It’s not all hate, I’d say we’re just critical. It’s a show we love, a show that’s hard for anyone to get perfect and a show that just keeps on giving. And so do we. :)

      • mwruger says:

        A thoughtful reply, thank you.

        Yes, I can see how that would be confusing. How can a listener opine that others are not entitled to an opinion when that in itself is an opinion?

        I have been around fandom, of one sort or another, my entire life. I’m 52 years old and I have seen fans do incredible things. I was there when fans convinced NBC to authorize a third season of Star Trek in 1968. I’ve seen fans gush and gripe at conventions (I don’t go any more, feel too out of place and time). I watched the first three seasons of Tom Baker when it was broadcast here on NBC after school. I ran my own comic book and genre store (talked to fans every stripe), I worked for an international distributor who shipped comics and just about everything you can imagine from the US to the UK to Singapore to Iceland. I’ve met writers and designers in comics, the gaming industry and just plain old writers of books.

        I have also seen fans be entirely petty and spiteful to other fans and the object of their adoration. It was all pretty manageable until the internet really connected fandom and provided the faceless anonymity that is “so vital” to modern fandom. There are very few fan boards I visit any more simply because of the spilled vitriol that is spooned out in dollops on everything and every aspect of whatever they are fans of. I can tell you that modern fans are far less forgiving, far more sarcastic and have a much greater sense of entitlement. After 40 years of hearing fans bad mouth creators, shows and everything else maybe I’m too cynical to see the upside of modern fandom.

        When I look at a show like New Doctor Who I’m frankly astounded by how good it is compared to what I had to endure in 60’s, 70’s and 80’s. Maybe in Britain it was different, but in the US it was Lost in Space, Land of the Giants, Manimal, The Phoenix, Misfits of Science, Knightrider and others. I watched every one of them in hopes that viewership would cause the networks to realize that there was an audience for SF and Fantasy. It’s finally happened.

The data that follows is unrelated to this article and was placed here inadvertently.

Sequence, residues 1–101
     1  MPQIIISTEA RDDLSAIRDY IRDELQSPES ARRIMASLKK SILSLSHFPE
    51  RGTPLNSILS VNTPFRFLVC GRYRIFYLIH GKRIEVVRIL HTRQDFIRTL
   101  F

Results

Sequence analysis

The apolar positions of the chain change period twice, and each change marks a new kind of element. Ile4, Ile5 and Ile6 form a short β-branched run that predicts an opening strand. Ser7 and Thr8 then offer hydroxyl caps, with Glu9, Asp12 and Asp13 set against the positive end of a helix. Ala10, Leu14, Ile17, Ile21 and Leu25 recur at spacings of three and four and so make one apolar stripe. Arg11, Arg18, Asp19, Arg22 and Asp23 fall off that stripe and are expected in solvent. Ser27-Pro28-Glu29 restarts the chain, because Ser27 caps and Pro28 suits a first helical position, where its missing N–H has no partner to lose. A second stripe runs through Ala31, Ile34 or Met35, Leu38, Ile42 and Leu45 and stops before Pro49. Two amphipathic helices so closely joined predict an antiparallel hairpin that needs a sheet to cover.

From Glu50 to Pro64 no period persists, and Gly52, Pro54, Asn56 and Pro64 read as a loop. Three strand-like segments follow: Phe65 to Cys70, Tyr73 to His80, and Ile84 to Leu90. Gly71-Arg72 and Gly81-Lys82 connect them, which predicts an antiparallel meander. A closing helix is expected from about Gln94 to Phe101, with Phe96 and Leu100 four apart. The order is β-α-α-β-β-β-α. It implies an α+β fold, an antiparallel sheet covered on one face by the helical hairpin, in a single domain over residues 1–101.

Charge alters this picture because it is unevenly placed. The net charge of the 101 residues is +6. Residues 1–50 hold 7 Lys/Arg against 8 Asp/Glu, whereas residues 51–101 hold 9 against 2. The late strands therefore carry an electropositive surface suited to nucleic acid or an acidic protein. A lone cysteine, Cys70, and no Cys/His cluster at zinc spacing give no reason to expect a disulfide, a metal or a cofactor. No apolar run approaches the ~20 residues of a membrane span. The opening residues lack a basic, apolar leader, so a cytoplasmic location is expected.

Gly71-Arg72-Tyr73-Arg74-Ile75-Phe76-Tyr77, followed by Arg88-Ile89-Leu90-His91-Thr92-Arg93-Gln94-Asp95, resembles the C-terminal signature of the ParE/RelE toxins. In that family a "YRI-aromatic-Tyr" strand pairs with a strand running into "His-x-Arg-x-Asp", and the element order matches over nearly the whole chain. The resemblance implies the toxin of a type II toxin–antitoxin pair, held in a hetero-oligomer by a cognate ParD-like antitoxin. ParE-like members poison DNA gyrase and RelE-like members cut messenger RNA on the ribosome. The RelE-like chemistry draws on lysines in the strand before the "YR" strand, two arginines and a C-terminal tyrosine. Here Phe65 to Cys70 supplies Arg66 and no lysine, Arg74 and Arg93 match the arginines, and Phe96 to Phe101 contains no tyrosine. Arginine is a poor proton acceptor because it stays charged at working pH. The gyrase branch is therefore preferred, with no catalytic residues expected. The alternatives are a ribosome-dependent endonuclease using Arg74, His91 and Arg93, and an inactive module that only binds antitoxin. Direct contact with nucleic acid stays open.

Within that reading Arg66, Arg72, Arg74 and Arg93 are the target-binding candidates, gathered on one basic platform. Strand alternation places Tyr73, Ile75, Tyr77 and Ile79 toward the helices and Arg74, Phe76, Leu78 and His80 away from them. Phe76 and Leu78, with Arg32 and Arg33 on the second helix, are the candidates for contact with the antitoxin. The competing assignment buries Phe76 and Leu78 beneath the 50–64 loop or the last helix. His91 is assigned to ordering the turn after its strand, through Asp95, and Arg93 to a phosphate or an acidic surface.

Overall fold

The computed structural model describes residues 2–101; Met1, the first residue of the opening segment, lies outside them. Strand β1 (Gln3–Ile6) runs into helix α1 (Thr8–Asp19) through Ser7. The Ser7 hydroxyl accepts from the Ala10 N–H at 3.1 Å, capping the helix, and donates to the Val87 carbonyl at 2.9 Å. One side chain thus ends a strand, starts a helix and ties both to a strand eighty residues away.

I do think you should care about the show’s popularity though. Better ratings and larger audiences mean bigger budgets and more investment into the property. It wouldn’t have been able to be cancelled in 1987 if it had been pulling numbers like it does now. Popularity is indeed no guarantee of quality, but it does guarantee that you will have a chance to improve quality in future episodes.

        I don’t know whether Steven Moffat is a genius, a tyrant, a bastard or a saint. I do know that I have enjoyed his runs on Doctor Who and Sherlock. I didn’t even know who he was when I started watching Matt Smith and I didn’t know he was show runner for Sherlock until the second season finished. All I knew was that I was entertained and that I liked it.

        They have flaws (although I usually only learn about them in a podcast or when some other fan points them out) but overall, I like them. Doctor Who still gives me a sense of wonder when I see it. I’m probably not critical enough, but I don’t want to be. My work is filled with enough horrible stuff (I work for a progressive non-profit in Texas) that I need that sense of wonder more than I need flawless continuity, written perfection and errorless execution.

        I do like your podcast, although I have only been listening since October or so. I learn a lot of interesting details about the show and I do enjoy hearing what you have to say, even if I don’t agree or place the same priority on consistency as you do. I’m glad you love Doctor Who. We all need more joy in our life.